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“The same principles reduced to forms of practice accommodated to our habits, and put into forms accommodated to the habits of the French nation would present governments very unlike each other. …”

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“I have no doubt that a great man, thoroughly knowing the habits of France, might so accommodate to them the principles of free governments, as to enable them to live free. But in the hands of those who have not this coup d'oeil many unsuccessful experiments I fear are yet to be tried before they will settle down in freedom and tranquillity. I applaud therefore your determination to remain here, … and will, I doubt not, be happier here than they could have been in Europe, under any circumstances.”

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Robert Owen

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Pierre Joseph Proudhon

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“Far from utterly condemning property, he believed that possession of a house to live in, a plot of land to grow food on and the tools of his trade, were the minimum requirement for man’s liberty. What, on the other hand, no man had a shadow of right to was the accumulated capital which enabled him to exploit other men.”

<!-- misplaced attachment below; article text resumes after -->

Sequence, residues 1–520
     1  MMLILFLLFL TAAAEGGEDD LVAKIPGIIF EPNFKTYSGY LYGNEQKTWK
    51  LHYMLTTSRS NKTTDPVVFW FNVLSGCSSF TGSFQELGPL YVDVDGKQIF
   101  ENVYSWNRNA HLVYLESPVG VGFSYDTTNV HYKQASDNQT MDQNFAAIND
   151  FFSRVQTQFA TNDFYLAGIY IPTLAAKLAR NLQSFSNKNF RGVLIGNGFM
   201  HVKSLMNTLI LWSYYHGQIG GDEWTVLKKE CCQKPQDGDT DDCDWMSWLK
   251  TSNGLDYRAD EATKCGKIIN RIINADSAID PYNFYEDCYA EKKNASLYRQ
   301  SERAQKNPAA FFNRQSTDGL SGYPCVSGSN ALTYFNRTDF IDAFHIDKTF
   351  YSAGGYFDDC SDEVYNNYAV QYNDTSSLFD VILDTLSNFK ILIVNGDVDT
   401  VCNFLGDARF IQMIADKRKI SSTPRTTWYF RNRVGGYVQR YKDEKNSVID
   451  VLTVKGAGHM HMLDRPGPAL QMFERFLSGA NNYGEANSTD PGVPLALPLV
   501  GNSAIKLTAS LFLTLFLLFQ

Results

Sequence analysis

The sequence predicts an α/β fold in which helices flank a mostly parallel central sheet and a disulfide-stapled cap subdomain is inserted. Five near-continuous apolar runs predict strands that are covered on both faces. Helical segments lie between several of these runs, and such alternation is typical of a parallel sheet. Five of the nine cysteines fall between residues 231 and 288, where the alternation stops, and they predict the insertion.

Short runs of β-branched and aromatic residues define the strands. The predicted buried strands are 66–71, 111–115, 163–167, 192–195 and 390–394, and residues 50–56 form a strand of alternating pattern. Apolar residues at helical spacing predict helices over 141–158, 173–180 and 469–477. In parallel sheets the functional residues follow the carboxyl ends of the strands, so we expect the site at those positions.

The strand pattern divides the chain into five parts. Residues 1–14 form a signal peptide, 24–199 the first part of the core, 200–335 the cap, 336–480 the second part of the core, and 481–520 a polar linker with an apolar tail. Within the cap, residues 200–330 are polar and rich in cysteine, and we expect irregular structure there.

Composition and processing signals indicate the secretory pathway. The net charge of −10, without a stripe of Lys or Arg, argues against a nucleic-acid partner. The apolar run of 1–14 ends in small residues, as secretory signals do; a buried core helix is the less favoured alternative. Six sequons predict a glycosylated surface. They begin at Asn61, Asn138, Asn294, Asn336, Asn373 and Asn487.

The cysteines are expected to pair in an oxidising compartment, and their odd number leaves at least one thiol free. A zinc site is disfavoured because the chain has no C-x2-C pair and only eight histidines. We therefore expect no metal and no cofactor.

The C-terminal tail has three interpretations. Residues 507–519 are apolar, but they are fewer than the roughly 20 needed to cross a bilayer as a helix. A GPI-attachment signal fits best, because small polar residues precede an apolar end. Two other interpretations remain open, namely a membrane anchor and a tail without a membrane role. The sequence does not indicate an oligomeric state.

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“[L]abor gives birth to private possession; the right in a thing -- jus in re . But in what thing? Evidently in the product , not in the soil . ... The inequality which results from the pretended right of the first occupant seems to them to be based on no principle of justice; and when all the land falls into the hands of a certain number of inhabitants, there results a monopoly in their favor against the rest of the nation, to which they do not wish to submit."

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Louis-Napoleon Bonaparte

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“Radical socialist reformers sought justice for the 'disinherited' classes, the peasants and the factory workers, while more moderate political reformers were concerned with protecting and increasing the influence of the middle classes, the bourgeoisie and the professional groups. The radicals in general favoured a republican form of government while many moderates were prepared to accept constitutional monarchy as a satisfactory substitute. ...”

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“Many of the revolutionaries, especially in the Germanies and Italy, wanted to transform their homeland into a strong and united country, but their aims contradicted the nationalist aspirations of minority groups.”

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“I have produced a lot of ideas, done some good, conscientious work: all thrown away. Mankind wants to be ruled; ruled it will be. I am ashamed of my species.”

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Ferdinand Lassalle

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Social Democratic Reichstag Caucus (1889) August Bebel

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END of Lesson Three